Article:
On 20 June, MSPs debated access to medicines in Scotland, after a motion (S5M-12856) was brought by Anas Sarwar MSP, calling on the Scottish government to deliver access to Perjeta, a treatment for breast cancer, and Orkambi, a treatment for cystic fibrosis, and to improve ways of negotiating with drug companies on the cost of medicines. The MSPs made emotive speeches drawing on the experience of constituents suffering from the diseases, whilst also making broader points on the weaknesses of the current system for providing patient access to medicines.
Anas Sarwar, in his opening speech, pointed out that whilst Perjeta was available in England on the NHS, it had been designated as not cost effective in Scotland. He also criticised the bureaucratic delay in approving Orkambi, and called for the recommendation in the Montgomery review, the ability to negotiate on price during the approval process, to be implemented immediately. Finally, he called for additional funds for health boards so that they could approve access to medicines without diverting funds away from existing services.
In her reply, Shona Robison MSP, the Scottish Secretary for Health and Sport, highlighted the fact that the Scottish Medicines Consortium now approves 79 per cent of submissions, up from 48 per cent between 2011 and 2013. She also repeated her announcement that from October, ultra-orphan medicines would be available on the NHS for at least three years while information on their cost effectiveness was gathered, and said she had instructed the Scottish Government’s chief pharmaceutical officer to write to the SMC to determine whether Orkambi might be considered in this way.
Robison stated that under the new peer-approved clinical system, PACS tier 2, the cost of a medicine was no longer a factor when a clinician’s request for individual access was being considered. Finally, she described how a new voluntary system to ensure that discounts offered to one part of the UK are made available at the same level in Scotland would help prevent medicines available in England from being unavailable in Scotland.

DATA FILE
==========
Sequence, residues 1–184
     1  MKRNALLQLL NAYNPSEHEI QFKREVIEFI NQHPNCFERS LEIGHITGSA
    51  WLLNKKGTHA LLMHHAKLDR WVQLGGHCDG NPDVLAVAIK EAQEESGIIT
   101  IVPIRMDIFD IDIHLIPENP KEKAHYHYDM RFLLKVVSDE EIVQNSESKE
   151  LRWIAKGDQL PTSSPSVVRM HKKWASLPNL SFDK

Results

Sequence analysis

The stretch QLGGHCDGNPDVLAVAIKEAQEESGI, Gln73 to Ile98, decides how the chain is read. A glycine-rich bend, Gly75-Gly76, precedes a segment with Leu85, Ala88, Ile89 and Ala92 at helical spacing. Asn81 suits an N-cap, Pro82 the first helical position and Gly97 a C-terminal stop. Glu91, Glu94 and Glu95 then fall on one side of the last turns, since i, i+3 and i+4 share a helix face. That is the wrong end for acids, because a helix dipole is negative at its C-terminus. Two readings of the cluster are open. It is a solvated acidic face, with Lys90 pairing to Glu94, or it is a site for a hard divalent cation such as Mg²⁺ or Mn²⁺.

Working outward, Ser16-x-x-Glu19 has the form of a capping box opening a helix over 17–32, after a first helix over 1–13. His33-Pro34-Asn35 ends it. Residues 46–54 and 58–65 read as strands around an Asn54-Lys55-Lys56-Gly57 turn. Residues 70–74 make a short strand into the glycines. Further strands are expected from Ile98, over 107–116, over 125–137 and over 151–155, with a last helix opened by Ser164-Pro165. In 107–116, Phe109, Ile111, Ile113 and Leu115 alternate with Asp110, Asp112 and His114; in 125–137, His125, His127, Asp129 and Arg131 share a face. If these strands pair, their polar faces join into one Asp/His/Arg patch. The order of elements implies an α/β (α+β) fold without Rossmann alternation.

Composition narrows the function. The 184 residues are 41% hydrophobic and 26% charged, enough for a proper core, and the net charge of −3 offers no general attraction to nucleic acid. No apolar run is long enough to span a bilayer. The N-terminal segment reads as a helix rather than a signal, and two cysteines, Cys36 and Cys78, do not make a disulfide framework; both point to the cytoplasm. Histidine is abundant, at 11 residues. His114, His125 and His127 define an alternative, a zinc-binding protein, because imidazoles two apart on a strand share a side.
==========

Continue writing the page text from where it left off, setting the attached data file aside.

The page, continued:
Miles Briggs, a Conservative MSP for Lothian, went on to echo many of Anas Sarwar’s points, whilst moving for a further amendment to reform the Patient Access Scheme Assessment Group, in order to make access to new drugs easier. Alison Johnstone Green, a Green MSP for Lothian, criticised the pharmaceutical industry’s failure to offer fair prices, and pointed out that, when improving the cost effectiveness of drugs, whilst the clinical effects of individual drugs couldn’t be changed, the price offered by pharmaceutical companies was variable.
Willie Rennie, the Liberal Democrat MSP for North East Fife, reminded Shona Robison that Perjeta would not be covered by the new ultra-orphan pathway, and patients would have to rely individually on the new PACS tier 2 process. He questioned why, even though the current PPRS system restrains Scotland’s ability to negotiate with companies, Wales and Northern Ireland were both still able to approve Perjeta alongside England.
Shona Robison, in her closing remarks, stated that she was unable to answer Willie Rennie’s questions about the deal struck by NHS England over Perjeta, as she was prevented from revealing details about the discount by commercial confidentiality. She also responded to a number of points made by MSPs in favour of a portfolio approach, arguing that as it involved unlicensed medicines, it bypassed the health technology assessment process and therefore it eased tests on clinical effectiveness.